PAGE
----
Each time you use the car on the road, you can help reduce these numbers.
Authoritative driving is a step towards better road safety.
You can change everything, it is you who are the master of your destiny!
And I sincerely believe that we should look at such an image being aware that tomorrow might be us!
The Smile of a Firefighter:
I Love You Very Much:
How to Handle Your Teenager’s First Car Accident
By Guest Author: Marie Sulenski
All parents worry about their teen drivers getting into a car accident. Joanne Helperin of Edmunds Inc. told Disney Family that, statistically speaking, there’s a good chance a teen driver will be involved in an accident during the first 12 months of driving. We’re not saying it’s going to happen… we’re just saying it could. Read this before it does:
Get More Involved
Take this step long before you hand your teenager the keys. The Governors Highway Safety Association (GHSA) told Forbes that parental involvement is the most critical factor in reducing the risk of accidents for teenagers. Teenagers who are given supportive yet direct rules regarding their driving are half as likely to get into a crash, and 30 percent less likely to use a cell phone while driving.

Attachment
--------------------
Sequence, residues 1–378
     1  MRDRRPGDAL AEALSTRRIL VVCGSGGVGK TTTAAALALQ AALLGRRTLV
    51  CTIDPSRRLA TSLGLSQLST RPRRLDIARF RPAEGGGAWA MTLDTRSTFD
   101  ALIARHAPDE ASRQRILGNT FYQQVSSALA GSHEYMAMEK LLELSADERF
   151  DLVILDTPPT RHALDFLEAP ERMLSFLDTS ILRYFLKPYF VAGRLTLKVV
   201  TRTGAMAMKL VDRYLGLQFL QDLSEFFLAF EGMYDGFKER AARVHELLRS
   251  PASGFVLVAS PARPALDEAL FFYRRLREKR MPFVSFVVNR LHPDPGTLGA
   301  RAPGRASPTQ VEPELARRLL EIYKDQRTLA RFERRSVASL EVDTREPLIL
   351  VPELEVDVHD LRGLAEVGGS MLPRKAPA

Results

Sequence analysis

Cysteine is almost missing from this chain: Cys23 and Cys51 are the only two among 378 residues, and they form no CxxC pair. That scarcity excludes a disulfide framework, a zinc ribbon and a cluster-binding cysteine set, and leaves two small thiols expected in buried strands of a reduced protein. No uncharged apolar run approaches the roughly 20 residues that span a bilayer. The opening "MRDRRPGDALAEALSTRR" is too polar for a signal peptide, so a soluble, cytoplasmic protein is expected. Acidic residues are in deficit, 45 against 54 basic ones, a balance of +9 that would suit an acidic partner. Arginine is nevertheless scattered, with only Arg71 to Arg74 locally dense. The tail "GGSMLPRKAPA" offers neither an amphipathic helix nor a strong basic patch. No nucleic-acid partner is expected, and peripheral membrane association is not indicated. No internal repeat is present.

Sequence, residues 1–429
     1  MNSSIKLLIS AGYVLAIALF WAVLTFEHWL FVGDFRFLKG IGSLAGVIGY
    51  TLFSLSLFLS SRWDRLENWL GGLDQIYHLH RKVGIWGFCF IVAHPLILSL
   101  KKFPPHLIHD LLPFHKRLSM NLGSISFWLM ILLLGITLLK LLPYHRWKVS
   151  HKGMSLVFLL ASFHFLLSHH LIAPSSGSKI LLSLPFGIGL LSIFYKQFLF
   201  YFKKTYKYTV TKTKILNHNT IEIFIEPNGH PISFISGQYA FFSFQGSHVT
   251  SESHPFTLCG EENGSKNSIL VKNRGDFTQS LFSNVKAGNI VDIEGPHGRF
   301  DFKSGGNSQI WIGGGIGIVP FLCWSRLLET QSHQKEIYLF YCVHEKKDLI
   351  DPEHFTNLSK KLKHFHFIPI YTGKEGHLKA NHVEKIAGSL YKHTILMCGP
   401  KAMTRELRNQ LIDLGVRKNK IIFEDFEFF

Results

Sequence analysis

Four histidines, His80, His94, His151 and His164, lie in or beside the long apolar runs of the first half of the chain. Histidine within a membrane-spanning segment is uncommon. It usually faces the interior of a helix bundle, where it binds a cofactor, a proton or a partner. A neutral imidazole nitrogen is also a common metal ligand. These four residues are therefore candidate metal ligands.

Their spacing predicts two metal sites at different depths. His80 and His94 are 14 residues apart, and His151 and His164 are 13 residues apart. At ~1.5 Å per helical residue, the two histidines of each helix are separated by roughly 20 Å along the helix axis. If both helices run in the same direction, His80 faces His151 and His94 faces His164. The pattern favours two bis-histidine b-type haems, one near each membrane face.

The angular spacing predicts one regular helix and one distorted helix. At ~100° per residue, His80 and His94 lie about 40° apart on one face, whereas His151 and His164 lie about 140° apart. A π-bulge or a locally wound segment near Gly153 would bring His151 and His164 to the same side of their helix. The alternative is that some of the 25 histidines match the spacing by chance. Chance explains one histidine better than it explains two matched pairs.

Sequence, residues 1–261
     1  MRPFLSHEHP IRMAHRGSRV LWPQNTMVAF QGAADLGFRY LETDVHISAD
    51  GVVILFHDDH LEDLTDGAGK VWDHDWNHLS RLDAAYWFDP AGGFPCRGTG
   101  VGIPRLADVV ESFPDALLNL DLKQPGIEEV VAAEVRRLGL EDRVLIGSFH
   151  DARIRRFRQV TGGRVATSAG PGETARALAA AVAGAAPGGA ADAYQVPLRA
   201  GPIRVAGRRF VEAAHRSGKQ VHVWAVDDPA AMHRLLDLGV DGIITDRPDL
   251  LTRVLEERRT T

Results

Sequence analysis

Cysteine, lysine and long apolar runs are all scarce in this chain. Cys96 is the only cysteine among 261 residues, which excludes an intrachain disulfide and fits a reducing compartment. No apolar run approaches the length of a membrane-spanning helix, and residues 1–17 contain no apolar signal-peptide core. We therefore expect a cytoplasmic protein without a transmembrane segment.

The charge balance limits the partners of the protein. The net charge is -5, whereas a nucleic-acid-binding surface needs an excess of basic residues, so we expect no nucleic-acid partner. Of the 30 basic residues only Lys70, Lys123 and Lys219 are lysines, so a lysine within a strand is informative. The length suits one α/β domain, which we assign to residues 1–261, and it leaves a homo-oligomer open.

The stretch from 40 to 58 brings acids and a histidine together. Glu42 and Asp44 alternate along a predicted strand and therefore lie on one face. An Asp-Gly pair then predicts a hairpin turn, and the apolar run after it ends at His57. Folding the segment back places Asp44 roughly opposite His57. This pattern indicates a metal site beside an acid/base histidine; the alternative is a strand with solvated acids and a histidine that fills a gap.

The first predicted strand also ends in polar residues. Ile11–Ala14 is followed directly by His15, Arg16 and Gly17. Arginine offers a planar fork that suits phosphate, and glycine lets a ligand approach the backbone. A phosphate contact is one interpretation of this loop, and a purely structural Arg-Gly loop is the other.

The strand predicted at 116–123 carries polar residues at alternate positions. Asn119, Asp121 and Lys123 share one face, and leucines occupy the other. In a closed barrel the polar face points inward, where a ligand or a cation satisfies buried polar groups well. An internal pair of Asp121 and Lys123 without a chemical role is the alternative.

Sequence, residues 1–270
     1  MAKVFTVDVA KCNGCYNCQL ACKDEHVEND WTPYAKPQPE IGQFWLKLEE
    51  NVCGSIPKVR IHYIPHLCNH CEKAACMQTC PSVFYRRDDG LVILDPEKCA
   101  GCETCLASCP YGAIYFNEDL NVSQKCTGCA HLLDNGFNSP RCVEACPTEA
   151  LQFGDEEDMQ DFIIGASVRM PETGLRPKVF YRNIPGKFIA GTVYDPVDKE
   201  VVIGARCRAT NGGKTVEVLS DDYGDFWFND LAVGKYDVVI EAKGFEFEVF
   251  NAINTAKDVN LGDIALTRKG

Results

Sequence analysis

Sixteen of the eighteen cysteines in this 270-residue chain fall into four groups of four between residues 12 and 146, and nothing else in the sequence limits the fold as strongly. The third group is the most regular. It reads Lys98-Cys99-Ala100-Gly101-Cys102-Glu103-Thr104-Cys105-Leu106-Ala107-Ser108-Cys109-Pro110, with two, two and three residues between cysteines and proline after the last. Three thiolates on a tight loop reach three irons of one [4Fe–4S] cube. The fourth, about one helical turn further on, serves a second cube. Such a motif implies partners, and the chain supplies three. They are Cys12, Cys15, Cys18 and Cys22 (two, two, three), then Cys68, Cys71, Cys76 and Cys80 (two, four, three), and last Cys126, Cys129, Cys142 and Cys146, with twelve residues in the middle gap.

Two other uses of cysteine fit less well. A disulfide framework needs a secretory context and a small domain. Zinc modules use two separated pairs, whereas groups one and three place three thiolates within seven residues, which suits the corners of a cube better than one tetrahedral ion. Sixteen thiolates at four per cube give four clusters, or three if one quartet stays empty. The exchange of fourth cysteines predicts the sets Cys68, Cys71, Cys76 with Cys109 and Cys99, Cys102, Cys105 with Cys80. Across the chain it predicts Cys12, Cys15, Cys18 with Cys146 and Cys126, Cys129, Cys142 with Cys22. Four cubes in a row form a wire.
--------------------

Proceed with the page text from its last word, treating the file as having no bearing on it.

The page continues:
Teach your teen safe driving habits and agree upon ground rules when he or she is behind the wheel. Driving-Tests.org offers a variety of resources, including a parent-teen driving contract you can print out. Use it as a guide to set rules, penalties and a mutual understanding of what is expected.
Parents should also take advantage of graduated driver licensing programs in their respective states. These enable teen drivers to gradually gain experience in different driving situations.
The first few moments when both parties exit their vehicles and begin communicating typically go a long way in determining the outcome of the incident. Remind your teenager: Less is more. The only information he is required to give the other party is insurance, driver’s license and contact information. Discussing the particulars of the accident itself is discouraged.